Economic unrest is biggest security-impacting hazard in next 12 months, according to a just-released World Security Report.
Large, global companies lost a combined $1 trillion in revenue in 2022 due to physical security incidents, according to the first-ever World Security Report. The study — commissioned by Allied Universal and its international business, G4S — also found that economic unrest is expected to be the greatest security-impacting hazard in the next 12 months, a significant increase on the prior year.
The 2023 World Security Report is based on a survey of 1,775 chief security officers (CSOs) or those in equivalent roles, from large, global companies in 30 countries. With a combined annual revenue of more than $20 trillion in 2022, these companies represent a quarter of the world’s total Gross Domestic Product (GDP).
Companies surveyed for the Allied Universal report anticipate a surge in threats and hazards including social unrest, climate change, fraud and theft. As a result, physical security budgets are predicted to increase significantly to keep people, property and assets safe. Security leaders intend to focus investments on advanced technology and providing security professionals with additional skills and training.
Fraud – deception intended to result in gain – is likely to be the biggest external threat over the coming year, according to the report. Leaking of sensitive information is predicted to be the biggest internal threat, and dangers posed by hackers, protestors, spies and economic criminals are expected to soar.
“As the world’s leading security company, we commissioned this report for the benefit of the entire industry and the companies we protect,” said Steve Jones, Allied Universal’s global chairman and CEO. “It comes at a time when organizations across the globe are increasingly navigating more complex security hazards and threats. The research shows the impact of security threats on organizations is multidimensional – from the disruption of productivity to the loss of customers, to the potentially staggering financial impact.”
One in four (25%) companies reported a drop in their corporate value following an external or internal security incident during the last 12 months.
In addition to CSOs, the report also surveyed 200 global institutional investors to understand the impact of security incidents on the value of publicly traded companies. Investors estimated an average 29% drop in stock price in the wake of a significant internal or external security incident in the last 12 months.
“Global businesses are facing increased security threats; a tight labor market globally; and rapidly changing technology that presents new risks and requires different skills,” said Ashley Almanza, executive chairman of G4S. “In addition, executive boards are grappling with balancing physical and cybersecurity alongside other priorities. The World Security Report helps our entire industry and the wider business community better understand and operate in the challenging, global and fast-moving security landscape.”
2023 World Security Report: Key Findings
Security Threat and Incident Findings
- Economic unrest was reported by 47% as the greatest security-impacting hazard in the next 12 months — up from 39% in the previous year.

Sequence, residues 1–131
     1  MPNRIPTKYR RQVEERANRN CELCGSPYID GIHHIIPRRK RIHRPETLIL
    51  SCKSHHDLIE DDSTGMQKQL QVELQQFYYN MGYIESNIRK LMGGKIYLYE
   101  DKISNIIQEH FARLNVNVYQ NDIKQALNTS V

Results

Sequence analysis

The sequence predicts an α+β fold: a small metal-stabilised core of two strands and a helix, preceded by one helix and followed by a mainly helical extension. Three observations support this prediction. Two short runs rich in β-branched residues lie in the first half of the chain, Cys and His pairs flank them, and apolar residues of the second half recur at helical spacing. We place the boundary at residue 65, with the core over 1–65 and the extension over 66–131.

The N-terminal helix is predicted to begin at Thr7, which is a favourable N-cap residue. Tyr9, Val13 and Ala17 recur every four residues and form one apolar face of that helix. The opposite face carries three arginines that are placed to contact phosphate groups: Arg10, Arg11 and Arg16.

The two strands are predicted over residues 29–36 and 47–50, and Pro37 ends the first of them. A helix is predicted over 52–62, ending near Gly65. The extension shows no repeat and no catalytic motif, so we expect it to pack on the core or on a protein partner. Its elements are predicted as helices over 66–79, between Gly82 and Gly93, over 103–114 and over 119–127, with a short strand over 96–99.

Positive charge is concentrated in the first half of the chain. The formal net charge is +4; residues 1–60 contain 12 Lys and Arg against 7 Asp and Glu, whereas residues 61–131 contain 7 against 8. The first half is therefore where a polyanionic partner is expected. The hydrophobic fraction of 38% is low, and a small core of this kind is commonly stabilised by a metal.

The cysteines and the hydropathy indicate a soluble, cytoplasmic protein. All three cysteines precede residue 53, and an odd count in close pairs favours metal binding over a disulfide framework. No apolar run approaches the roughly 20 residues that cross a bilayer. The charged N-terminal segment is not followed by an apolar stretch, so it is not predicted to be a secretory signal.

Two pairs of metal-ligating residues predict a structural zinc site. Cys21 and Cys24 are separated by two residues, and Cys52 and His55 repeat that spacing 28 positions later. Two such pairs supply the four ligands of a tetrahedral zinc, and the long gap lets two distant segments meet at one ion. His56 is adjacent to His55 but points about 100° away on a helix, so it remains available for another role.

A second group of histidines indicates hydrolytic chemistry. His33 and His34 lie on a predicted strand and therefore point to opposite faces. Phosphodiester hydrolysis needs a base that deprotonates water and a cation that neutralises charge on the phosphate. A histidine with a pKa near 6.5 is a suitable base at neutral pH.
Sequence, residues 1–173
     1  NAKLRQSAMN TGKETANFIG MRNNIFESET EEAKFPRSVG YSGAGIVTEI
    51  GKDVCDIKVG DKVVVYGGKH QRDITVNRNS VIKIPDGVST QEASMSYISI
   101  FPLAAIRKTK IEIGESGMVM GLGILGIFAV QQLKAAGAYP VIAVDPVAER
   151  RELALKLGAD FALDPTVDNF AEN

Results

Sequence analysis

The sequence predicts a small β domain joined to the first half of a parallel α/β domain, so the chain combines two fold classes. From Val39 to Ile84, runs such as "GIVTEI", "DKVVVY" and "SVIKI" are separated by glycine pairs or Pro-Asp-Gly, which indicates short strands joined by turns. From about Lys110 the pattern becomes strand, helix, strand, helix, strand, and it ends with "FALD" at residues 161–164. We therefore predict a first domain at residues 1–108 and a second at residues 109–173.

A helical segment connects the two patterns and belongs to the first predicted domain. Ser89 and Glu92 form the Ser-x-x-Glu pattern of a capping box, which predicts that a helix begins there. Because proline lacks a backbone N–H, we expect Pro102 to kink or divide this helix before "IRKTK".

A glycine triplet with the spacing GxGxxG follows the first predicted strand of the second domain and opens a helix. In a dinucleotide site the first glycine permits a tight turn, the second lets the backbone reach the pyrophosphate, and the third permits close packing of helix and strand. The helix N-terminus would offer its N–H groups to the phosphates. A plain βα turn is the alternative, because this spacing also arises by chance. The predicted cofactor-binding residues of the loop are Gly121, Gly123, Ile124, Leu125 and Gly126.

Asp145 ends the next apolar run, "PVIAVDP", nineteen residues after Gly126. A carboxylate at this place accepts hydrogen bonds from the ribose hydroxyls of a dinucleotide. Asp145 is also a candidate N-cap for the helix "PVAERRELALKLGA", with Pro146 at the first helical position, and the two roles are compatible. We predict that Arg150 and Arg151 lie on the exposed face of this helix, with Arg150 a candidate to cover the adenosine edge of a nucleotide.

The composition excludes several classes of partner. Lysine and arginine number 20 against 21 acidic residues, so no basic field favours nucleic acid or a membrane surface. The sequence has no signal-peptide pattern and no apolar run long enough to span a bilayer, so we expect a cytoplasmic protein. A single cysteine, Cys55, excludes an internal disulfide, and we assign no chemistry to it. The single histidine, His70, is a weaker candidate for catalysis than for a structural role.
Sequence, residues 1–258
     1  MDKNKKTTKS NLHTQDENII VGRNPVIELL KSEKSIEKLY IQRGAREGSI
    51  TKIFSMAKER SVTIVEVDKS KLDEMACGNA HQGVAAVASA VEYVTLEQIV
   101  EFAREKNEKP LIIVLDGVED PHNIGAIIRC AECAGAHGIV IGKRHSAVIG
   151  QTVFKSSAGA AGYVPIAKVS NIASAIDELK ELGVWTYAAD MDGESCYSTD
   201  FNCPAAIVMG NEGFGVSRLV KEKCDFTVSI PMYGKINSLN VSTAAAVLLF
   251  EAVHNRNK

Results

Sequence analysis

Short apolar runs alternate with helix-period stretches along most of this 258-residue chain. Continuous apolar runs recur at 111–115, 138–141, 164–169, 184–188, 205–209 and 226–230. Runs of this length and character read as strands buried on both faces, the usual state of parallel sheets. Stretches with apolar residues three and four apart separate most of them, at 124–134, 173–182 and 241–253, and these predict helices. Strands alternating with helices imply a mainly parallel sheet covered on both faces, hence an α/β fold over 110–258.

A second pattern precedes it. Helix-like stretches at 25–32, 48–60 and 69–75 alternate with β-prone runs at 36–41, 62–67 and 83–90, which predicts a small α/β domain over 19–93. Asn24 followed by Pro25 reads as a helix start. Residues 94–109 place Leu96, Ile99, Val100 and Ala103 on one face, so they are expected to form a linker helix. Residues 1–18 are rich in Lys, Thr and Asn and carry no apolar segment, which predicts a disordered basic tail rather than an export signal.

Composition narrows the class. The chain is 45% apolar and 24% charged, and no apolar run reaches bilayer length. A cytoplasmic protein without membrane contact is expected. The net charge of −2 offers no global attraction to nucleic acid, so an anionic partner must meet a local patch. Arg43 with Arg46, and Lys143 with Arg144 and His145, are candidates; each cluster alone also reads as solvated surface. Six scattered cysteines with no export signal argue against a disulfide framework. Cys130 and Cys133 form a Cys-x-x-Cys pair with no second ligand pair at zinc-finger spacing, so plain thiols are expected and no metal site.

- Climate change events are on the rise and the second most concerning hazard, with 38% saying they may be impacted in the next year. This was followed by social unrest (35%), disruption to energy supplies (33%) and war or political instability (32%).
- Leaking of sensitive information is expected to be the biggest internal threat in the next 12 months according to 36% of respondents.
- Misuse of company resources or data was the most common internal incident with 35% of companies having experienced this already over the last 12 months.
- Fraud is expected to be the biggest external threat in the next year, predicted by 25% of CSOs.
- Fraud and phishing and social engineering were the most common external security incidents experienced in the last 12 months (23%).
- The threat from two groups, subversives, hackers, protestors, or spies and economic criminals, are likely to soar, with 50% and 49% of respondents predicting they will be impacted by these groups, both up from 39% in the last year.
- Security budgets represented approximately $660 billion (3.3%) of global revenue at respondent companies in 2022.
- Physical security budgets at 46% of respondent companies are set to significantly increase in the next 12 months.
- Artificial intelligence (AI) is top of the agenda for future physical security technology investment, with 42% intending to invest in AI and AI-powered surveillance over the next five years.
The Future of Security Insights
- Cyber threats that threaten physical security systems are challenging to operations according to nine out of 10 respondents.
- CSOs reported a disconnect between physical security incidents and the importance placed on them at board level; nine in 10 CSOs said company leaders are more concerned about cyber than physical security.
- Eight in 10 (84%) said recruitment of security professionals will be challenging over the next five years.
- Nine in 10 (92%) said people skills are more important than physical attributes of strength in front-line security professionals.
Watch the video below for key insights from Allied Universal global chairman and CEO Steve Jones and Ashley Almanza, Allied Universal executive chairman of G4S, Allied Universal’s international business.